My commercial software is using some code source licensed under LGPL or MIT. How and where should I mention this? Is it mandatory?
I don't know the terms of the MIT license by heart, so you'll have to read it.
With regard to the LGPL: is the LGPL work you are using (hereafter referred to as "foo") a library or something else? Is the work based on foo (hereafter referred to as "bar") a derivative of foo, a work that uses foo, or are you unsure (in which case provide more info on bar)?
Generally, if foo is a library, and bar uses foo as an external dependency rather than compiling whole chunks of foo into bar, bar is a work that uses foo, and you have no particular responsibilities under the LGPL.
If you foo is a library, and bar is a modification or derivative of foo, or foo (or significant portions of foo) are compiled into bar to make it count as a derivative, the LGPL applies and you must provide the proper notices, access to the source code, etc. In this case you may at your option relicense bar under the GPL instead of the LGPL if doing so makes more sense to you.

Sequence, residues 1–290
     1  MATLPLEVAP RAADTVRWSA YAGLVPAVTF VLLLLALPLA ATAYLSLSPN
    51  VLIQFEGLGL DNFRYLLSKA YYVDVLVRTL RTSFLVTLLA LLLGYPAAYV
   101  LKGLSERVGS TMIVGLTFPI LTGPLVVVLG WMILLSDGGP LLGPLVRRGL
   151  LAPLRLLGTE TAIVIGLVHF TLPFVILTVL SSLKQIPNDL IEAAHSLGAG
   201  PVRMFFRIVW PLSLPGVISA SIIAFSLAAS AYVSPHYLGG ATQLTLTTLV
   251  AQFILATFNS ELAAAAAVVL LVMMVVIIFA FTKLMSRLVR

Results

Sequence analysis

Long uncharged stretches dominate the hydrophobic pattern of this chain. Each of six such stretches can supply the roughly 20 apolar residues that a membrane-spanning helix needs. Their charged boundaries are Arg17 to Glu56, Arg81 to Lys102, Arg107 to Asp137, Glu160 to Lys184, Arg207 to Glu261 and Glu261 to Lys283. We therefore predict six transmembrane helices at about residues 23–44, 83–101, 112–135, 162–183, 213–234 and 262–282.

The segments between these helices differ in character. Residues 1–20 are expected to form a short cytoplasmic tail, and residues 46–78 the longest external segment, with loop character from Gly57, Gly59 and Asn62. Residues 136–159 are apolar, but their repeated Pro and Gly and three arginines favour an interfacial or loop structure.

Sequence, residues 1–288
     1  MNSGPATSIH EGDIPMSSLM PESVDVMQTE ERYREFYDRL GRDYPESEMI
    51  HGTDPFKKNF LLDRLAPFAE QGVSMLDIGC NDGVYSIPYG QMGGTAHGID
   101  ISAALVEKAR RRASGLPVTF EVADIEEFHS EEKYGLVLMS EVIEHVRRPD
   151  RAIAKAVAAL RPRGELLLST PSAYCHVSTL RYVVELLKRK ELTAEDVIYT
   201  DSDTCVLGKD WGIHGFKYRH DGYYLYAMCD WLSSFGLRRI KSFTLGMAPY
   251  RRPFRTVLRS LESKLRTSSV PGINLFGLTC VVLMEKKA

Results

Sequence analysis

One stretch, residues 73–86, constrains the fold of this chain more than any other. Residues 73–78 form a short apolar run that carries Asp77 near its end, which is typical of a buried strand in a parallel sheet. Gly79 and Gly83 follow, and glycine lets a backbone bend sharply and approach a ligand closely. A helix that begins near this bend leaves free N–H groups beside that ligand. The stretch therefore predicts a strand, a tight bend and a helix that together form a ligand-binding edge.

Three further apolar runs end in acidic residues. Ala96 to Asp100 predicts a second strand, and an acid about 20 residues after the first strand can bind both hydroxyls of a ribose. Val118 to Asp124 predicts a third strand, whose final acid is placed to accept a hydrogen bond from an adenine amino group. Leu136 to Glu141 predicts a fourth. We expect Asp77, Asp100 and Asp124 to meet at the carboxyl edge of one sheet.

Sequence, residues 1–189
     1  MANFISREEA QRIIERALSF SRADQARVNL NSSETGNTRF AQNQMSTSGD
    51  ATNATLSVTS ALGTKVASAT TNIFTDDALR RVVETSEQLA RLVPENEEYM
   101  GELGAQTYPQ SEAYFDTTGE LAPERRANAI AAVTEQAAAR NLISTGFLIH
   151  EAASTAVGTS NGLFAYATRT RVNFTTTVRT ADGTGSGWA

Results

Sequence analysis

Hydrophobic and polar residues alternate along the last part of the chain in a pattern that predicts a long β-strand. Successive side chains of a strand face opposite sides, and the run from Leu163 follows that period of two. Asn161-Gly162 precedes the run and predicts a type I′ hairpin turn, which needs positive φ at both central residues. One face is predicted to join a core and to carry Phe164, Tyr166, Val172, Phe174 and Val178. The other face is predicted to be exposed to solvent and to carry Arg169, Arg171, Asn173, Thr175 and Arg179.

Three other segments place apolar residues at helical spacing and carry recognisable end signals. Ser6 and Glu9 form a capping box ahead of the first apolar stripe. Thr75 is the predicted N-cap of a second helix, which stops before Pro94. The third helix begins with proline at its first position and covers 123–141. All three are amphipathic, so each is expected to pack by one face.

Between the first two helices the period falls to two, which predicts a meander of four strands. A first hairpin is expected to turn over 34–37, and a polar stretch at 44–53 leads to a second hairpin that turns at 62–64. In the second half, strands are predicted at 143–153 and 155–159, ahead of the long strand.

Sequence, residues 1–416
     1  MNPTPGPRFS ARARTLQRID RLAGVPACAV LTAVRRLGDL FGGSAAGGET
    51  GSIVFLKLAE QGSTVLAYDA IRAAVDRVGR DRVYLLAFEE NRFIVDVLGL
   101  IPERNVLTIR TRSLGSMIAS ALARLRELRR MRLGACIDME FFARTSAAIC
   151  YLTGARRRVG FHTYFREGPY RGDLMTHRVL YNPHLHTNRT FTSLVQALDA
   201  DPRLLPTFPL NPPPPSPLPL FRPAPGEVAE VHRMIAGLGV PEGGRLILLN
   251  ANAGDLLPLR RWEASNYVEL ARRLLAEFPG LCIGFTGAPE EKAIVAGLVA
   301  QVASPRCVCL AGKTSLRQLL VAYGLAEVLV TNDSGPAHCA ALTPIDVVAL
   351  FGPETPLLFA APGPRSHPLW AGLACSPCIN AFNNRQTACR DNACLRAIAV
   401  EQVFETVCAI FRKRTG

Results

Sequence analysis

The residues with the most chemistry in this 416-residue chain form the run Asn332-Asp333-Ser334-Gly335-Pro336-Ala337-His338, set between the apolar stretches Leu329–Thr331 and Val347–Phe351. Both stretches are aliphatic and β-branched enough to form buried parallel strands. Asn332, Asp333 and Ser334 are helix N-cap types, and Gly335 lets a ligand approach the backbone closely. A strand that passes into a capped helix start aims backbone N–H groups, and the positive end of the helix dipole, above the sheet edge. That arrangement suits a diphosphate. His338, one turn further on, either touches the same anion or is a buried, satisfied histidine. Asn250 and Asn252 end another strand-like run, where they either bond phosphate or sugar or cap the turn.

There are a bunch of other cases, but those are the two most common.
IANAL*, but I run an open-source based development shop, so I deal with this stuff daily.
*I Am Not A Lawyer: in other words, don't take my word for it, that's what lawyers are for.
So I think you need to have this notice in your software somewhere: